Of course, during my pregnancy I needed a little more rest, and when Deirdre was up at night, all bets were off as to exactly how long I would nap. But despite those particularly instances, I was pretty darn consistent (and happy) with an hour and a half. Until now. Since Christmas, I've been taking longer and longer afternoon naps, and 4 (if not 5) days out 7, my nap has been closer to (if not longer than) 2 hours. Of course, I could fight it. I could convince myself that I only need an hour and a half, that that 30 minutes is my time, not lupus' time. But my body is telling me that I need more rest. And if it does, well, it does. Here's how this should go (and I say "should" because it's going to take a little discipline): everyday, I'll allow 2 hours for a nap. If I sleep the entire time, so be it. If I wake up after an hour and 45 minutes...sweet! I'll make sure I'm rested, and if so, I'll hop out of bed and enjoy an extra 15 minutes of my day. But refusing to give in to the signals my body is sending me would be silly. In fact, it would be stupid.

I want to be able to take care of Deirdre, and keep play dates, and appointments, and evenings out. I want to keep feeling good and have months between doctor's appointments. I want to keep traveling to talk about my book. I want to expand our family one day. I'm not going to be able to do any of those things if I'm sick. And if a 2-hour nap prevents that from happening, then sign me up.

Monday, February 1, 2010

Little known facts are meant to be shared

While I was very lucky to have been diagnosed with lupus within a few weeks of the initial onset of symptoms (swollen glands, fever, chest pain, achy joints), I know the odds are not in favor of a quick and early detection of a disease like lupus. It often takes people months, if not years, to finally reach a diagnosis, and that's not because they haven't tried. For various reasons, lupus is a tricky one to diagnose. The more common lupus symptoms, when considered individually, can indicate a range of illnesses, many of which are of little consequence, and, thus, are often dismissed by patients and/or doctors alike. It takes a concerted effort by both parties to connect the dots and determine if lupus is, in fact, the culprit. Lists, background information, and other little known facts about a patient's medical history are paramount to helping doctors piece together the puzzle of a chronic illness.
***

Because my symptoms came on so strong and fierce 9 years ago, my doctors had very little difficulty figuring out what I had. I had a very proactive pulmonologist and a spot-on rheumatologist, both of whom were determined not to let me leave their offices until I had a reason for my pain and suffering. It was a patient's dream to have such attentive doctors...but in thinking back, I realize that I did my part to contribute to the discovery of my disease, primarily because I was able to offer the following information from my past that, up until that point, I thought was irrelevant:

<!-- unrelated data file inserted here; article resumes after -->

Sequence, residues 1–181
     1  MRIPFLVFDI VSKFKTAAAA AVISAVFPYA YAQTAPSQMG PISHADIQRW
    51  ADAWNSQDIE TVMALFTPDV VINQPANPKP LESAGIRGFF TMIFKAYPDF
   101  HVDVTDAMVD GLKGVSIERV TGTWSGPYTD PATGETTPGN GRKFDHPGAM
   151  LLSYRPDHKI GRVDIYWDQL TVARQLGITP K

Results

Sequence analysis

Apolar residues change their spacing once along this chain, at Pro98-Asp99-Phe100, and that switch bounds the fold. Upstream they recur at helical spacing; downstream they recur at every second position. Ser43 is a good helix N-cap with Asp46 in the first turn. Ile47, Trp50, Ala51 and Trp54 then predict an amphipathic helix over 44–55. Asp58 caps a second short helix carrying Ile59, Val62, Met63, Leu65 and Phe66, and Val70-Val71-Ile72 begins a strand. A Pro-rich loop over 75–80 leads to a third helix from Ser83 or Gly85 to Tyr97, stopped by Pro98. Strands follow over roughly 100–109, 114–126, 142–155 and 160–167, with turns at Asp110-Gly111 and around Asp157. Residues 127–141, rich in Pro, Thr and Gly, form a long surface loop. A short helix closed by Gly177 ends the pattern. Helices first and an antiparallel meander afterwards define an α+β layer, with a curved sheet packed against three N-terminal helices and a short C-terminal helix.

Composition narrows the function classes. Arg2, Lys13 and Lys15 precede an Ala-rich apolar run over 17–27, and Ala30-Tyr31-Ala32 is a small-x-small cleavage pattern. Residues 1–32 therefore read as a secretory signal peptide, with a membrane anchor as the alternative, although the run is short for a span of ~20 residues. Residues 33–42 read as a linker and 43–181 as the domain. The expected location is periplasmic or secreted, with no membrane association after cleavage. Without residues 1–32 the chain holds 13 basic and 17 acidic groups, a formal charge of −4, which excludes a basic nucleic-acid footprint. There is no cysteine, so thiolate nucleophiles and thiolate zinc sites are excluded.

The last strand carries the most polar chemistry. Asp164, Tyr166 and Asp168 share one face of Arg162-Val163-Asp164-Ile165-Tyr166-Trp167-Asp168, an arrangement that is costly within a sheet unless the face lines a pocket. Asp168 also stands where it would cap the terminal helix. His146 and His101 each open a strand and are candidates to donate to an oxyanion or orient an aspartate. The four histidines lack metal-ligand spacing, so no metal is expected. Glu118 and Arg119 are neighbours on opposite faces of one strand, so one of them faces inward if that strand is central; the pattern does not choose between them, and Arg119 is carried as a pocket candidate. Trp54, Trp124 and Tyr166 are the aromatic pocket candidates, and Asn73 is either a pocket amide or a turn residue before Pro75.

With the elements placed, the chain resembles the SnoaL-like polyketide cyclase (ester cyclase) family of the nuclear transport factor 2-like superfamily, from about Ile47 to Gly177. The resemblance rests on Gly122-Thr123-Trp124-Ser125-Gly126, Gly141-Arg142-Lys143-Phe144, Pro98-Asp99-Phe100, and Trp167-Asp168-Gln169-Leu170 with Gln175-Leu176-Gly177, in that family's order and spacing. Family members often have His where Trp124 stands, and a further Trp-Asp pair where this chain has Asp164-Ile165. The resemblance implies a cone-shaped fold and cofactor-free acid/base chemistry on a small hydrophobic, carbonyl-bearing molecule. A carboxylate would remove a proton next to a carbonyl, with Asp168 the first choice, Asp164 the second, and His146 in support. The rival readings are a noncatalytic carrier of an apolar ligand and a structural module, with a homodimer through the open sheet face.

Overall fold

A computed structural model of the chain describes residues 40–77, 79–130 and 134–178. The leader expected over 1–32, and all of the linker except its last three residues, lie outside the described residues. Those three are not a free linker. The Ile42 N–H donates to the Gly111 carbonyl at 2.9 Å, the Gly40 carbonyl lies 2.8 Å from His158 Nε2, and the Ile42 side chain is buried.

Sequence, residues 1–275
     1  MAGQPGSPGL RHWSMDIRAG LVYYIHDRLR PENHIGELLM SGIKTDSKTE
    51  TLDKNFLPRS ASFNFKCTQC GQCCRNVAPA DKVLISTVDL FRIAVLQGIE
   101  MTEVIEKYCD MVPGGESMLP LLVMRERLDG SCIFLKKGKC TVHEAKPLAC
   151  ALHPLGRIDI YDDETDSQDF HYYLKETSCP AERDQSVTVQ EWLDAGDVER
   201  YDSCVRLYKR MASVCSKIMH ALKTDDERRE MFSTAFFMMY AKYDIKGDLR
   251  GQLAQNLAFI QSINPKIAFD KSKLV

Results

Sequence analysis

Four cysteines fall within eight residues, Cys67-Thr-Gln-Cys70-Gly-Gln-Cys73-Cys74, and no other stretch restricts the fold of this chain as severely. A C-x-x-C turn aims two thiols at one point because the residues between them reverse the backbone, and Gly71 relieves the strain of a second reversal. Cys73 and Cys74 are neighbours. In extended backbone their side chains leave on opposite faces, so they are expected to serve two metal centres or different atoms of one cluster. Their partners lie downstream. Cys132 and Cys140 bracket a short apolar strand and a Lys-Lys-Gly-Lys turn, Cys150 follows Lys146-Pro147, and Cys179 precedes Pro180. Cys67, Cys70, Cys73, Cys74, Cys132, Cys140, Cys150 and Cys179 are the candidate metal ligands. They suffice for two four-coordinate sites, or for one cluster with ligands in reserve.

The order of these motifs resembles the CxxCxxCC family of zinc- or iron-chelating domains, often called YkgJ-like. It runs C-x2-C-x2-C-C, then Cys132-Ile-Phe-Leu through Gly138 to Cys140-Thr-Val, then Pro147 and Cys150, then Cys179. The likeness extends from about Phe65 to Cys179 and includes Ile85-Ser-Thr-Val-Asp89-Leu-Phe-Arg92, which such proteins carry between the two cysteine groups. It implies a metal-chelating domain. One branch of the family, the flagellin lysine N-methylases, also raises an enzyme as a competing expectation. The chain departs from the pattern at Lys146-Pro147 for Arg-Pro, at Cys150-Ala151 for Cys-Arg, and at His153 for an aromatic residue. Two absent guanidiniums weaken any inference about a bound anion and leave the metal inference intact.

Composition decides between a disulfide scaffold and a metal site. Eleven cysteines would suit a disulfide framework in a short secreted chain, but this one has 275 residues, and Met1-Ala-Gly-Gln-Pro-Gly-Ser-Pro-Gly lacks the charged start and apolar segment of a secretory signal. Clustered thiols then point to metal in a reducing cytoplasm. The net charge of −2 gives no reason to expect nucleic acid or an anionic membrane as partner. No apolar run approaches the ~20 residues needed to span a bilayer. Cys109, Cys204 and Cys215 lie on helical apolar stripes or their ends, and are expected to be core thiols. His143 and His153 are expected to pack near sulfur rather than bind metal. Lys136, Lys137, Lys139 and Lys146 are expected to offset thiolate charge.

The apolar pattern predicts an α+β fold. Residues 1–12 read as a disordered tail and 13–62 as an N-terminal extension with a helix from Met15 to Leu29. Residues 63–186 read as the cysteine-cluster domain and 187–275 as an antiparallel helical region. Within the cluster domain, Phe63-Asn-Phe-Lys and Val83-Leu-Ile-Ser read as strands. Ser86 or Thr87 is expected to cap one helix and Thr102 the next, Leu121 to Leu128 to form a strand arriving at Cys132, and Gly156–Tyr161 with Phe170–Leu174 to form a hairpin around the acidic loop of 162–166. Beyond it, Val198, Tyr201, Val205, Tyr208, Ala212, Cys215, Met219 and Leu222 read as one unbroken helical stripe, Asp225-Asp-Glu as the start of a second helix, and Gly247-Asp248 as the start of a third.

***

1) I had experienced an episode of gout about two years before. It was very random (and very painful), and I was treated by a podiatrist because it my foot that had swollen up to three times its size. By no means is gout an indicator of lupus, but it was valuable information for my doctors to consider when exploring past instances with pain, swelling, and other arthritic like symptoms.

***

2) I had been complaining about joint pain in my knuckles during a recent hobby I'd taken up - pottery. Don't get me wrong, I wasn't going anywhere fast throwing pots on the wheel...but I did enjoy it. Johnny and my sister (and my grandmother, up until her death) still display my works of, ahem, art, and I'm proud of my little creations. But, by the end of my second 6-week session, I was experiencing a throbbing pain in my middle finger when I pulled up on the clay to form a pot. It really hurt, but because the pain would go away immediately when I stopped doing the motion described above, I didn't give much thought to it. I joking told Johnny that maybe I had some form of arthritis, but we both laughed that notion right out the door. We assumed my fingers were just unaccustomed to the repetitive-type motion I'd introduced.

***

3) If you remember, I was diagnosed just 6 weeks after my wedding. And for about 6 weeks BEFORE my wedding, I experienced an annoying ache in my knees and hips. Being a victim of fashion, I had taken to wearing tight, high-heeled boots during that time, and had attributed the pain to the contortions my feet and legs had to make to wear those knee high monsters. Looking back, I'm sure that pain was a precursor to lupus, but when I wore those boots into a doctor's appointment one day, my rheumatologist took one look at my outfit and declared, "That pain in your knees? It's from the boots." Hmmm. I think he was just jealous of my fashion statement.

***

4) During that 6 week period before my wedding, I could not, for the life of me, get out of bed before about 9am. I was never an early riser, but I was just dog tired every morning, and didn't know why. Again, I mistakenly attributed it to my wedding planning, the stress and late nights tying up loose ends. Although my work day officially started at 9am, my supervisor was extremely accommodating, allowing me flexibility to come in an hour later when needed. I told him I was sure once the wedding mayhem was over, I'd be more rested.

***

All of these little tidbits, when taken individually, had pretty logical explanations. But when brought to my doctor's attention, and thought to be indicators of one primary issue, the picture started to become very clear. My doctors knew what I had...but the info I provided made them sure they were on the right track, and made diagnosis, and more importantly, treatment come that much faster.

***
So get out those lists, take in those binders, and print out those chronic control spreadsheets. If you have a couple of little known facts to share - share them. Your doctor can't guess what's been going since he saw you last, so be sure to fill him in!